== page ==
Thomas H. Lee Partners may still get to exit MoneyGram International, the money-transfer company it has owned for nearly a decade.
MoneyGram and China-based Ant Financial Services Group “mutually agreed” on Jan. 2 to pull their proposed $1.2 billion merger after failing to get approval from the Committee on Foreign Investment in the U.S. The U.S. government rejected Ant’s offer to buy MoneyGram due to national-security concerns, Reuters reported.
The rejection opens the door for Euronet Worldwide Inc, which was outbid by Ant last year, to make another run at MoneyGram. Euronet, however, is playing coy. In a statement Tuesday, the Leawood, Kansas, company said it continues to believe there is “compelling commercial logic” to a combination between Euronet and MoneyGram.
Euronet says, however, that “significant developments have been disclosed by MoneyGram since Euronet’s offer, and Euronet has not conducted any evaluation of the business in that time.”
MoneyGram in November reported that third-quarter revenue slid 4 percent to $398 million.
“While we continue to view a transaction with MoneyGram as logical, there is no guarantee any offer will be made or any transaction will ultimately occur,” Euronet said.
MoneyGram, Dallas, provides money-transfer services. The company has about 350,000 remittance locations in more than 200 countries. Ant wanted to buy MoneyGram not so much for its U.S. presence but to expand in growing markets outside of China, Reuters said. Euronet provides electronic payment and transaction processing services. It processed 2.7 billion transactions in 2015.
MoneyGram is unlikely to go back up for sale, two bankers and a GP said. Instead, they think the company will ultimately get sold to Euronet but not at the $1.2 billion price Ant was willing to pay, the people said.
“No one would give [MoneyGram] the price that they got from Ant,” the PE executive said.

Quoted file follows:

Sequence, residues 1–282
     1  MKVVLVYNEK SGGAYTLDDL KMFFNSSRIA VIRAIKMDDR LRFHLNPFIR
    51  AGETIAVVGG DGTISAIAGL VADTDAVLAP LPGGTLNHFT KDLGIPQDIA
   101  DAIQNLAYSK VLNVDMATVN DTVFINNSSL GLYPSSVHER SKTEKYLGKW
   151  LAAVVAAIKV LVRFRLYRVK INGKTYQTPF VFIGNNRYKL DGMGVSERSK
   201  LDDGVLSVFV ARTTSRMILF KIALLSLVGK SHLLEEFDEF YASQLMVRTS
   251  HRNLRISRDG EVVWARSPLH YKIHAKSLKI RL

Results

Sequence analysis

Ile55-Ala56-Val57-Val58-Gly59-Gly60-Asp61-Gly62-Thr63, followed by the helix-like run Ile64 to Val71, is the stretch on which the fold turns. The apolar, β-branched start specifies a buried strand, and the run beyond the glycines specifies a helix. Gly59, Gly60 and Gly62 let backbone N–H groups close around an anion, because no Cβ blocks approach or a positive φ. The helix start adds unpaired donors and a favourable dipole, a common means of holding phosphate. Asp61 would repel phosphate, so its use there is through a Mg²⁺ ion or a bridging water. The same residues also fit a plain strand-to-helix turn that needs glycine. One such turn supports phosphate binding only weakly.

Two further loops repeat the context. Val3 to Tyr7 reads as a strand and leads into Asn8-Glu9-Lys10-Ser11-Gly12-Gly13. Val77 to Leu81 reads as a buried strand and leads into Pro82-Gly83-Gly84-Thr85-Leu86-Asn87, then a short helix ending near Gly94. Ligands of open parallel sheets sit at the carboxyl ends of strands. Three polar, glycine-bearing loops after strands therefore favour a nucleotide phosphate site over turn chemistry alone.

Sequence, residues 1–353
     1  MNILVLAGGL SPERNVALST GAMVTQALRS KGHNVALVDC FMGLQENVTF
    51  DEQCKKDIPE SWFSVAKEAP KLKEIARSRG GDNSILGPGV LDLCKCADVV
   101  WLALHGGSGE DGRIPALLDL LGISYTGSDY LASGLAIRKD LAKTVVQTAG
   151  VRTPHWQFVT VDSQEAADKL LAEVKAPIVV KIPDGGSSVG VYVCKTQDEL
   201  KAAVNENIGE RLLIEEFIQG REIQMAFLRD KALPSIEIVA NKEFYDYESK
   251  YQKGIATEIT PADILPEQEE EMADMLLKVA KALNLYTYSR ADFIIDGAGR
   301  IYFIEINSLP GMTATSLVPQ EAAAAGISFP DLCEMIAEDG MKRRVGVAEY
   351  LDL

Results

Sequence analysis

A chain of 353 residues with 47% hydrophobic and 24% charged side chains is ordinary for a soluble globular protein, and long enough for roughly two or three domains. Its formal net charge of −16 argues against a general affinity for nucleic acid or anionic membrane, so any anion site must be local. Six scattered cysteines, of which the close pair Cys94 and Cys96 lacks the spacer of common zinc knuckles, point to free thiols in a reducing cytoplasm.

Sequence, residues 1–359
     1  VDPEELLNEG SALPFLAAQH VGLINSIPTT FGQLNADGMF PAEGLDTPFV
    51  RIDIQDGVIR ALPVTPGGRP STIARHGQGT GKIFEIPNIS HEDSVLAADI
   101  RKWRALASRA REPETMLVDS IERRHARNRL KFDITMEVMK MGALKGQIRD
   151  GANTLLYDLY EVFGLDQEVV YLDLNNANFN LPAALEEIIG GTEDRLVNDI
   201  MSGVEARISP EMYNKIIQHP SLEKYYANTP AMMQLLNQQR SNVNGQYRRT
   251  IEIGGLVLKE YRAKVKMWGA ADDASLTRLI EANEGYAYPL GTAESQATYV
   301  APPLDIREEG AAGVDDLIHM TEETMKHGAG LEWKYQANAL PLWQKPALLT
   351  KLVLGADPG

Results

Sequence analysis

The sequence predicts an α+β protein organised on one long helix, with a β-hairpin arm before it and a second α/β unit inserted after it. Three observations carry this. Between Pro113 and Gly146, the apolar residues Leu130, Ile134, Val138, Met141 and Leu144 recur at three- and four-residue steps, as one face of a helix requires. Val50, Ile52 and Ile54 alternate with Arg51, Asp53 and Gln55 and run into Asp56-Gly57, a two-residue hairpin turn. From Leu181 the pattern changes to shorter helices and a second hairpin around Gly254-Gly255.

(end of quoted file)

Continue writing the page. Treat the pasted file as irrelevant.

Thomas H. Lee Partners’ investment in MoneyGram dates to March 2008. MoneyGram at the time was one of the first U.S. public companies to face serious financial troubles during the 2008 financial crisis, according to press reports. A lifeline came from THL and Goldman Sachs, which bought a majority of MoneyGram for $760 million. THL still owns more than 40 percent of the company, SEC filings said.
THL, the legendary private equity investor, recently returned to market with its next fund, Buyouts reported in December. Thomas H. Lee Equity Fund VIII is targeting $3 billion, about one year after closing its previous vehicle with $2.6 billion, Buyouts said.
Ant Financial, the digital-payments arm of Chinese e-commerce company Alibaba, initially agreed, in January 2016, to buy MoneyGram for $13.25 a share. Ant then boosted its offer to $18 a share to fend off a competing bid from EuroNet, which in March proposed a deal at $15.20 a share. In April, MoneyGram picked Ant’s higher offer, which weighed in at $1.2 billion.
The failed deal represents a stumble for Jack Ma, Alibaba’s founder and executive chairman, who wanted to use the deal to gain an edge over Chinese rival Tencent Holdings Ltd, which owns WeChat, Reuters said. Ma famously stood with Donald Trump, who was then president-elect, in Trump Tower last year and pledged that his commerce company would help create one million American jobs, the New York Times reported.
News of the failed merger caused MoneyGram’s stock to plunge $1.20, or 9.02 percent, to close at $12.11 Wednesday, while Alibaba’s shares added 19 cents to $184. Euronet, meanwhile, saw its stock surge 8.1 percent, or $6.92, to end at $92.08.
Executives for MoneyGram, THL and Euronet declined comment.
Action Item: Contact Alex Homes, MoneyGram’s CEO, at +1 800-666-3947
U.S. President-Elect Donald Trump walks from an elevator with Alibaba Executive Chairman Jack Ma after their meeting at Trump Tower in New York on Jan. 9, 2017. Photo courtesy of Reuters/Mike Segar